May 1st, 2020

What are Tax Implications of PPP Loans?

If your business was a recipient of a Payment Protection Program (PPP) Loan, you’re likely using it to cover businesses expenses, such as wages or rent. While these expenses are otherwise tax deductible, can they be counted as such for 2020 tax filings? What are tax implications of the PPP Loan?

Avoiding a double-tax benefit

On Thursday, April 30, the IRS issued a formal Notice stating “no deduction is allowed under the Internal Revenue Code (Code) for an expense that is otherwise deductible if the payment of the expense results in forgiveness of a covered loan pursuant to section 1106(b) of the Coronavirus Aid, Relief, and Economic Security Act (CARES Act), Public Law 116-136, 134 Stat. 281, 286-93 (March 27, 2020) and the income associated with the forgiveness is excluded from gross income for purposes of the Code pursuant to section 1106(i) of the CARES Act.”

It seems that Congress may have intended for PPP Loan funds to be forgiven without reducing deductions, due to the fact that lawmakers specifically wrote into the law that the forgiveness of any proceeds would not be Cancellation Of Indebtedness income. However, the recent IRS Notice is clear that businesses cannot both (1) receive loan proceeds that are forgiven and thus do not need to be repaid and (2) deduct the expenses for which those proceeds were used.

Will PPP Loans affect business tax deductions?

The IRS could be exploiting a gap that Congress simply forgot to address in its quick creation and passing of CARES Act funding. A Bloomberg article noted Congress failed to specify whether or not businesses could deduct expenses covered by PPP Loans, specifically that “the tax code permits companies to write off businesses expenses, such as wages, rent and transportation expenses, but generally doesn’t allow write-offs for tax-exempt income.”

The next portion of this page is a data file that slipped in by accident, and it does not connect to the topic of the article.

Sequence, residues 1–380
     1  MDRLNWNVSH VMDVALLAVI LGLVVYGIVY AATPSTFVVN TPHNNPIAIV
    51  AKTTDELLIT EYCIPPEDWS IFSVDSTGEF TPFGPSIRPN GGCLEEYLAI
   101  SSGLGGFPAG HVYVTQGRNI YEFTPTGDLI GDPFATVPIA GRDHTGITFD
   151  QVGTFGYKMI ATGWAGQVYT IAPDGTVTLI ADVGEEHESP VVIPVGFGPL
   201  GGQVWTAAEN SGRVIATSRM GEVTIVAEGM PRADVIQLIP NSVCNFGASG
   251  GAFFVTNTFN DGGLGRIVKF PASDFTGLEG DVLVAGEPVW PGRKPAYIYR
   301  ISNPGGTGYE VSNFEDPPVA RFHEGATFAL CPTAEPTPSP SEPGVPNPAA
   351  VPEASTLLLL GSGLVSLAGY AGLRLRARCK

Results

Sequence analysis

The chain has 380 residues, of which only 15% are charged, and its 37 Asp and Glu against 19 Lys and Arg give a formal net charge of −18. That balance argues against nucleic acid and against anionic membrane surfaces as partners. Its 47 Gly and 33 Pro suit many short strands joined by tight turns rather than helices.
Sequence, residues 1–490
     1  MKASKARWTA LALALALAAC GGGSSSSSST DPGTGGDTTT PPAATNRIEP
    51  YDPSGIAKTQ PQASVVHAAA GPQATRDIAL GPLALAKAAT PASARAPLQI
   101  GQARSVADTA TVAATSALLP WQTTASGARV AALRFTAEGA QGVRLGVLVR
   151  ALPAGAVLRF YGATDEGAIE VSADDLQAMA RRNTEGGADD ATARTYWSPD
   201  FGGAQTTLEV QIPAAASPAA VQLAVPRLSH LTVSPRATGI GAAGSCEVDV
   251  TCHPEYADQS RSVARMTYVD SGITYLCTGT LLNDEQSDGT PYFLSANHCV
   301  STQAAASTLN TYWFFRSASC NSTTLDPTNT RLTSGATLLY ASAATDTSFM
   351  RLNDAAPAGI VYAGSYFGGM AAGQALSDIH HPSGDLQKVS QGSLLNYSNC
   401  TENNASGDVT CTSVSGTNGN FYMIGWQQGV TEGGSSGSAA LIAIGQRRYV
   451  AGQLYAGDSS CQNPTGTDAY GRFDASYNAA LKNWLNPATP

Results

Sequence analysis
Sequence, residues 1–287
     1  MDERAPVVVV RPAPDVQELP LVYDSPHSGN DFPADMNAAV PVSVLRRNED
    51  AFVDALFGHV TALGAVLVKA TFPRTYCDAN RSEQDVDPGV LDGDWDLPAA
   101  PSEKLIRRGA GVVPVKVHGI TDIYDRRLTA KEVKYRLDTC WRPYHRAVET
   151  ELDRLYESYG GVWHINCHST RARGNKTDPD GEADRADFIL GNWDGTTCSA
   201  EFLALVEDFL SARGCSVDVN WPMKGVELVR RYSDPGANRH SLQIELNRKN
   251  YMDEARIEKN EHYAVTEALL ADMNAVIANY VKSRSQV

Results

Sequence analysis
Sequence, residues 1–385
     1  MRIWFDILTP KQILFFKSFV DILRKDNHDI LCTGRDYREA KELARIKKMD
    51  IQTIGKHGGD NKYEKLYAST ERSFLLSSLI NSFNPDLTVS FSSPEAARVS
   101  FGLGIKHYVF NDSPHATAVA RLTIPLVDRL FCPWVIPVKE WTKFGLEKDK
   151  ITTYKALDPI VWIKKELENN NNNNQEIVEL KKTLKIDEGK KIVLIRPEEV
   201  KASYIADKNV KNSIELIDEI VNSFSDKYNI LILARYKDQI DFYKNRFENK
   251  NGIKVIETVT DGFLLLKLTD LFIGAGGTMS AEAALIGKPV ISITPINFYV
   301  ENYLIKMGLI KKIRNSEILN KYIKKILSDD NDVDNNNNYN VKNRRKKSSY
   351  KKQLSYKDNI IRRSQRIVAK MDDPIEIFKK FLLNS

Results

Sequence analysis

If Congress did, in fact, intend to allow businesses to deduct these expenses even if they were paid with loan proceeds that were later forgiven, then it is reasonable to expect that Congress may enact a new law that addresses the issue highlighted in this recent IRS Notice.  However, until then, business owners must operate under the assumption that they will not be able to deduct these expenses on their 2020 tax returns to the extent that they were paid with proceeds from a PPP Loan that was forgiven.

Our Tax Law team and Business Services Group will continue to follow developments in PPP Loan tax implications, advising clients as such and providing updates to this blog.

As members of Gross McGinley’s Business Services Group and Tax Law teams,  Michael Henry and R. Nicholas Nanovic provide tax and legal guidance to businesses and individuals throughout the Lehigh Valley.